Date: May 1986
Creator: Daley, Paul B. (Paul Byron)
Partner: UNT Libraries

The Two-Part Framework in Selected Choral Works as a Harmonic and Stylistic Determinant

Description: The problem with which this investigation is concerned is the determination of compositional styles in terms of manners of employing monadic and dyadic intervals in the music of the common practice period. An aspect for determining style is proposed by way of comparing the frequency of occurrence of dyads and monads in selected musical examples from the baroque, classical, and romantic periods. Chapter I is a discussion of the problem and methodology of the study. Chapters II, III, and IV present analytic comparison of examples in the baroque, classical, and romantic periods respectively. Chapter V presents a summary of the findings with references to the pedagogical applications of the two-part framework principle.
Date: May 1981
Creator: Turner, Michael W.
Partner: UNT Libraries

Developing a Guide to the Techniques of Imitating Selected Commercial Music Styles

Description: The purpose of this study was to develop a guide to help teach commercial music style imitation, Styles selected were ragtime, dixieland, Whiteman, Goodman, Miller, bop, Berry, Presley, Motown, hard rock, horn band, soft rock, straight ahead big band, Ellington, Basie, country rock, bluegrass, Country-Western, Mantovani, Boston Pops, and Love Unlimited Orchestra. Melody, harmony, rhythm, voicing, instrumentation, form, special effects, performance techniques, electronic alteration, and articulation were discussed for each style. A table summarizing each discussion, and an arrangement and recording of the same melody in each style were included, The guide appears successful, judging from commercial writers' estimations, The work will probably aid writers, performers, researchers, and publishers. Similar works could be done on other commercial and ethnic styles.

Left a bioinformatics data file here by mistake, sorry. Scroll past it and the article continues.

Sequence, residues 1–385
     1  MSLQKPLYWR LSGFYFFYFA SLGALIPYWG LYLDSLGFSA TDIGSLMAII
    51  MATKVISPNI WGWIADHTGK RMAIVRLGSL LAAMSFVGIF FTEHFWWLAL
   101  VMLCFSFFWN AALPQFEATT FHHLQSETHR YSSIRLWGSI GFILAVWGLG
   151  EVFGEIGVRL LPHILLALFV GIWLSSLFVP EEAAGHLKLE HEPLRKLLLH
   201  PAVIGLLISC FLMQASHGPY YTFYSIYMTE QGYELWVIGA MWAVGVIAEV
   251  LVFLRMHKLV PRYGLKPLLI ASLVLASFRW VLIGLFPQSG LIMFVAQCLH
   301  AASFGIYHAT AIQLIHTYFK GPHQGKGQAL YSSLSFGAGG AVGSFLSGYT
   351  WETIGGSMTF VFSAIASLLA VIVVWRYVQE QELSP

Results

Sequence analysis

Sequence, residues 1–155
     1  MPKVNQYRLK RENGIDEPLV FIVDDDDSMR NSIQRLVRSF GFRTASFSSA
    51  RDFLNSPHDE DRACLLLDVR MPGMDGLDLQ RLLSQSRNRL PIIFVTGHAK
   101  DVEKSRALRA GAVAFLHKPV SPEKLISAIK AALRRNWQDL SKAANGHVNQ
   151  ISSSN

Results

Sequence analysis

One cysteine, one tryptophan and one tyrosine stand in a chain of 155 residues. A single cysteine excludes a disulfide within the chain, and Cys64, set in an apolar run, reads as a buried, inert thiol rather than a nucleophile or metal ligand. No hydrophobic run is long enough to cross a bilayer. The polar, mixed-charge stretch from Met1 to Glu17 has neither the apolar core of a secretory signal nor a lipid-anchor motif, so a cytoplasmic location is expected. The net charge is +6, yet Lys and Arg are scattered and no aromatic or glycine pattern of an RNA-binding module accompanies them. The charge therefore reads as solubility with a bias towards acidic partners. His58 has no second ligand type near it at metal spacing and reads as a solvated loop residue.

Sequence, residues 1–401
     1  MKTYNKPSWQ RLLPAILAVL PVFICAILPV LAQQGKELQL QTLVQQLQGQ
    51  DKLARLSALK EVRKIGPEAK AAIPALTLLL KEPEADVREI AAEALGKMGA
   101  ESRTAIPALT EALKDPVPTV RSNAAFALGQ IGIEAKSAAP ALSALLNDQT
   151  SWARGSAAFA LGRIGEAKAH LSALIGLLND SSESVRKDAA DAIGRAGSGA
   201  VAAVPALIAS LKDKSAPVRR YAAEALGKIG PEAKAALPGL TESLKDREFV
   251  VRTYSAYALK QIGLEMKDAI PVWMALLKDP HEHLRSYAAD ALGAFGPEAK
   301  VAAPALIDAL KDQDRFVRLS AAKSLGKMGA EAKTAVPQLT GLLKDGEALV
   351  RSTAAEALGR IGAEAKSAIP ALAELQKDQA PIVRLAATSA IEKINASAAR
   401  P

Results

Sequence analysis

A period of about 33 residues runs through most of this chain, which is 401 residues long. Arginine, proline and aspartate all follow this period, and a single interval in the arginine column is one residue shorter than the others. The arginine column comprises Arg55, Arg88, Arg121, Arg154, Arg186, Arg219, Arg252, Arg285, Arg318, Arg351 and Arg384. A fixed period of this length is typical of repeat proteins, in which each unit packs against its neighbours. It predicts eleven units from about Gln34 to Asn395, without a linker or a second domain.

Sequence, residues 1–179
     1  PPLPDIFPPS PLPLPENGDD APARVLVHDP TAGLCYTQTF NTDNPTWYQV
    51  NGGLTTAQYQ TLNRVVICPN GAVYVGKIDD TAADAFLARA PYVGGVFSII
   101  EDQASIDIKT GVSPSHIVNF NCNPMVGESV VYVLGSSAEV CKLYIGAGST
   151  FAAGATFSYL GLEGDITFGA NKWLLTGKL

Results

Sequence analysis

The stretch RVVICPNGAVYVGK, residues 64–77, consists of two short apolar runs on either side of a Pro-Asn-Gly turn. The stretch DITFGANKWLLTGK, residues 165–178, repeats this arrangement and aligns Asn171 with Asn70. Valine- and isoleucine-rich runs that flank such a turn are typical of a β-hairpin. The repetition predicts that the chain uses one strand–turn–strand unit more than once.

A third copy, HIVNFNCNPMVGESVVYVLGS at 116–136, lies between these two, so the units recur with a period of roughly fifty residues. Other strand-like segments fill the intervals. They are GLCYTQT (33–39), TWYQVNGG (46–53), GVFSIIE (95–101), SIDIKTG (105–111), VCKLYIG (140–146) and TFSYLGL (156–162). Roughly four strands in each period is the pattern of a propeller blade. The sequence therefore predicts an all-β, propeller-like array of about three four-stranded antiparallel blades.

Date: August 1975
Creator: King, Jeffrey M.
Partner: UNT Libraries